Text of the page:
Today, gray wolves remain a state endangered species, and wolves may not be taken for any reason other than self-defense. Illegal take of a wolf may result in a combination of penalties, including fines of up to $100,000, a year of jail time, and a lifetime loss of hunting license privileges. 

However, Proposition 114, a ballot initiative directing the Colorado Parks and Wildlife Commission to develop a plan to introduce gray wolves onto the Western Slope of Colorado, passed on November 3, 2020.  

Proposition 114 directs the Colorado Parks and Wildlife Commission to:

Develop a plan to reintroduce and manage gray wolves in Colorado;Take necessary steps to begin reintroduction no later than December 31, 2023, on designated lands west of the Continental Divide; andPay fair compensation for livestock losses caused by gray wolves.

Based on public feedback and CPW’s expertise in developing wildlife management plans, the Commission is moving forward with a strategic phased approach that will facilitate robust stakeholder engagement in the early stages of the planning process.  CPW has formed a Stakeholder Advisory Group (SAG) to oversee wolf reintroduction and management in Colorado. The SAG will represent diverse wolf management interests that will convene to support the development of the gray wolf management plan for Colorado.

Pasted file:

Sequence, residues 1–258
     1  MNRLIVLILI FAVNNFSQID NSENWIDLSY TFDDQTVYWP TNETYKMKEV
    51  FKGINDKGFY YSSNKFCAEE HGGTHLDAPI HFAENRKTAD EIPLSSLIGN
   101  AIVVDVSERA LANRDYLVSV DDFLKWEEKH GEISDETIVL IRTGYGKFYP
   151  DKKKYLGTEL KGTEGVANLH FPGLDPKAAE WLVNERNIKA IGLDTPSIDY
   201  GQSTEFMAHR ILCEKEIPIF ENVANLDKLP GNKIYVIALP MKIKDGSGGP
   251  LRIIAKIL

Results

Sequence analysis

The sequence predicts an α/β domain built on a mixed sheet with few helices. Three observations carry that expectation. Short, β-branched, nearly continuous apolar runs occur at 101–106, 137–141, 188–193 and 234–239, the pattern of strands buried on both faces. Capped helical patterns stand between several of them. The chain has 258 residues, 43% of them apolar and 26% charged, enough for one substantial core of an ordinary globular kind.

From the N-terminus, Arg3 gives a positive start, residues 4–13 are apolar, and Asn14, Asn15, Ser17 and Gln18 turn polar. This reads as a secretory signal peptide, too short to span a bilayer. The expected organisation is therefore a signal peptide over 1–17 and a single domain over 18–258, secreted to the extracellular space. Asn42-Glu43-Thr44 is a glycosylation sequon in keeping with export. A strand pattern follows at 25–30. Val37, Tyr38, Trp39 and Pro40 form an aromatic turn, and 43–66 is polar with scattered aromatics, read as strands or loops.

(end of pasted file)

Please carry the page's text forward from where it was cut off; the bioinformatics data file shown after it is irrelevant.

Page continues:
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CWD Goes Federal! Good or Bad?

The U.S. House of Representatives just passed H.R. 5608 the Chronic Wasting Disease Research and Management Act. This bill authorizes $70 million annually between fiscal years 2022 and 2028 to be divided equally between CWD research and management efforts. 

“Of this, $35 million will be dedicated annually for CWD research to develop testing methods, enhance detection efforts, better understand genetic resistance, among others. The remaining $35 million will be used for the management of CWD by prioritizing funding for state and tribal wildlife agencies that have the highest incidence of CWD, are demonstrating the most significant commitments to combatting CWD, are facing the greatest risk of new CWD cases, and more.”